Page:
DEAR JEFF: I have a relative who lived with a woman for a number of years, and they have kids together. They broke up, and now he is engaged to another woman. Does he need to get divorced before he can marry her? Is he common law married? Thanks, “Want To Do It Right”
Dear “Do It Right”: Well, the easy answer is ... maybe. A common law marriage in Texas is an informal marriage that exists without the traditional formalities of getting married in a church or at the courthouse.
Many people believe it is dependent on how long a couple has been together, or whether they have kids. That is not true. A couple that has lived together for ten years may not be married, while a couple that has lived together 10 days may be married.
The requirements for the existence of a common law marriage are that the couple was at least 18 years old when the marriage began, they “agreed” to be married, thereafter lived together as husband and wife, and represented to others that they were, in fact, married.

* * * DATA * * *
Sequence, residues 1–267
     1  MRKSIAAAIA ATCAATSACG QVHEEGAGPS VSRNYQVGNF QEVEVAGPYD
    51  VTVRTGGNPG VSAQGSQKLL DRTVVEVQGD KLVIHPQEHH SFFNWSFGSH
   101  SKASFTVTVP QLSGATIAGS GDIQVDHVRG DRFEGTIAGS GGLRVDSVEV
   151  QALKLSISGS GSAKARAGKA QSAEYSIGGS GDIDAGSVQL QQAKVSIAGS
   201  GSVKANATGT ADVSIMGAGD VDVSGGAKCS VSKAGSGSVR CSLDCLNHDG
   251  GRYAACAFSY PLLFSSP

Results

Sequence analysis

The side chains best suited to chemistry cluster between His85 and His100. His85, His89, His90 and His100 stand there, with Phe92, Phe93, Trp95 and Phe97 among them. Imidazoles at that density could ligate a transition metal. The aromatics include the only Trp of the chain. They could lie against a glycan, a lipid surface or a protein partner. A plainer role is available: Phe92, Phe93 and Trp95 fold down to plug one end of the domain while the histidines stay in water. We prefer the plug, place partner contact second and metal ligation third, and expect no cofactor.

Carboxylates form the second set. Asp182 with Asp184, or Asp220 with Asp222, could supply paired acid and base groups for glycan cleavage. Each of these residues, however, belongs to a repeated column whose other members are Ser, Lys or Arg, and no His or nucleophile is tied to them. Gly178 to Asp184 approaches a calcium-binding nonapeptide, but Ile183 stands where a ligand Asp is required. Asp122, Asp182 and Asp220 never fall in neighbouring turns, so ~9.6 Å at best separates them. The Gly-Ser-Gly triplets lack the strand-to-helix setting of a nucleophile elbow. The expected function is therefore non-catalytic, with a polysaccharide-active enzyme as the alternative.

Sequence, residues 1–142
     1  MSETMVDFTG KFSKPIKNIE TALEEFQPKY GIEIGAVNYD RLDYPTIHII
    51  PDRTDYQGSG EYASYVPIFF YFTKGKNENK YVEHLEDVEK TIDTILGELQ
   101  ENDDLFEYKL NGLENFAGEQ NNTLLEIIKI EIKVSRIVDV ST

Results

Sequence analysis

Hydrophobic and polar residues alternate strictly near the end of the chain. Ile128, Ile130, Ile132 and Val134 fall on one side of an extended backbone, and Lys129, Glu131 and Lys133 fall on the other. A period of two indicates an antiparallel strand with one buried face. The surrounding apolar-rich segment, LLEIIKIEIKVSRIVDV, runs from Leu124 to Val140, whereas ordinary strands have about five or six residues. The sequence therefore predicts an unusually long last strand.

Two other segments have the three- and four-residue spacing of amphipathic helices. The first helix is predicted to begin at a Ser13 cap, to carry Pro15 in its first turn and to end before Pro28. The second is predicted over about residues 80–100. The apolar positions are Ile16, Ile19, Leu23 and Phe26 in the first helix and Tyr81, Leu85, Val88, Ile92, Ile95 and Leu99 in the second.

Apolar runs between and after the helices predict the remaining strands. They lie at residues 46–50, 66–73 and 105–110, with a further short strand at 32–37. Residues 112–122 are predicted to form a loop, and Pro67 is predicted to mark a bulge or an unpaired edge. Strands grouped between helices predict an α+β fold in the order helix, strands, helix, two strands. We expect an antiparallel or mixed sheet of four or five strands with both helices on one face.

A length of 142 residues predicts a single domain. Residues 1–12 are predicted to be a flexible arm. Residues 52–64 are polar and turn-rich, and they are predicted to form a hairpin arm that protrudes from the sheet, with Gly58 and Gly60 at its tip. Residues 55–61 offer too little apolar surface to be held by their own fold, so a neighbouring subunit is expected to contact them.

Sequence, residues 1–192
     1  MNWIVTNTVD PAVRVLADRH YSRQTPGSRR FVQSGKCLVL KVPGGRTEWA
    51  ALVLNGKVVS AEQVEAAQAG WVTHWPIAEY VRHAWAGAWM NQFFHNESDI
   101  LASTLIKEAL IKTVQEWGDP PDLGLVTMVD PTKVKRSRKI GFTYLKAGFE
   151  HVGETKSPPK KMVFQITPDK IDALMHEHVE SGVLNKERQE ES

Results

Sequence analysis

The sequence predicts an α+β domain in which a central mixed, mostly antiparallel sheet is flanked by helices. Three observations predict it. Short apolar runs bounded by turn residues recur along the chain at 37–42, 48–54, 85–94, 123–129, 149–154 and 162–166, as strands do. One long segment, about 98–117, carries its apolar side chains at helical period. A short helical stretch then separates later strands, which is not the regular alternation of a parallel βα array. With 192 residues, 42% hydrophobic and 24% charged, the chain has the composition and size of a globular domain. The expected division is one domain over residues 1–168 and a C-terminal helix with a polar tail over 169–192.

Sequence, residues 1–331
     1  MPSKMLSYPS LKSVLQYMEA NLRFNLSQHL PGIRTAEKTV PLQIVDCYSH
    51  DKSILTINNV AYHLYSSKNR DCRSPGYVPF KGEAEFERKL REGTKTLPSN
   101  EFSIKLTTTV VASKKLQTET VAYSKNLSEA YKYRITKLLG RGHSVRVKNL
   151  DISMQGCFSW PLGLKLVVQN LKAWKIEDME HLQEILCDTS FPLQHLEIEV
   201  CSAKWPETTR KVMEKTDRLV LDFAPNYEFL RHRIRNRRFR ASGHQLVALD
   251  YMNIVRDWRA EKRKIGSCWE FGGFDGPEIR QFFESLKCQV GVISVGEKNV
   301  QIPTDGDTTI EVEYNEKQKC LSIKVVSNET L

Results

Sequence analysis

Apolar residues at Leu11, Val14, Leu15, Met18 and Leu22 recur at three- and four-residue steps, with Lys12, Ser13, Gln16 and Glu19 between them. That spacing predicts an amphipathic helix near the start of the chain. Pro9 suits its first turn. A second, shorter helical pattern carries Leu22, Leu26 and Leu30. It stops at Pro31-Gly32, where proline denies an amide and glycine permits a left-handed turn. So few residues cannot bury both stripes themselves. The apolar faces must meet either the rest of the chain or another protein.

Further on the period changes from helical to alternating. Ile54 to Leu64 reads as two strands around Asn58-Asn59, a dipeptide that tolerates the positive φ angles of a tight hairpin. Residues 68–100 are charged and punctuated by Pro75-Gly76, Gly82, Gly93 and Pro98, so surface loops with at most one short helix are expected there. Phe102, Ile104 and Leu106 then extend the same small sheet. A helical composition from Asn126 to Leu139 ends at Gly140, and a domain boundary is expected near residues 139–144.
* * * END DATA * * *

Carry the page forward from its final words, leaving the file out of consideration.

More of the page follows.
There are a variety of factors to look to in determining whether a couple represented themselves as married to other; such as the filing of joint tax returns, signing leases as spouses, using the same last name, making the other person the beneficiary of a life insurance policy or introducing the other person as your spouse.
If these elements exist in the case of your relative, then he needs to obtain a formal divorce prior to marrying his new girlfriend. If the elements do not exist, then he is free to get married now.
DEAR JEFF: I sold my interest in a corporation, but am now being sued for a debt of the corporation. I had signed a personal guaranty of that debt, but assumed that ended when I sold my shares. Could I be responsible? Thanks, “Thought I Was Done”
Dear “Thought I Was Done”: Yes, you could be responsible. The signing of the personal guaranty is not affected by your subsequent selling of your interest in the business.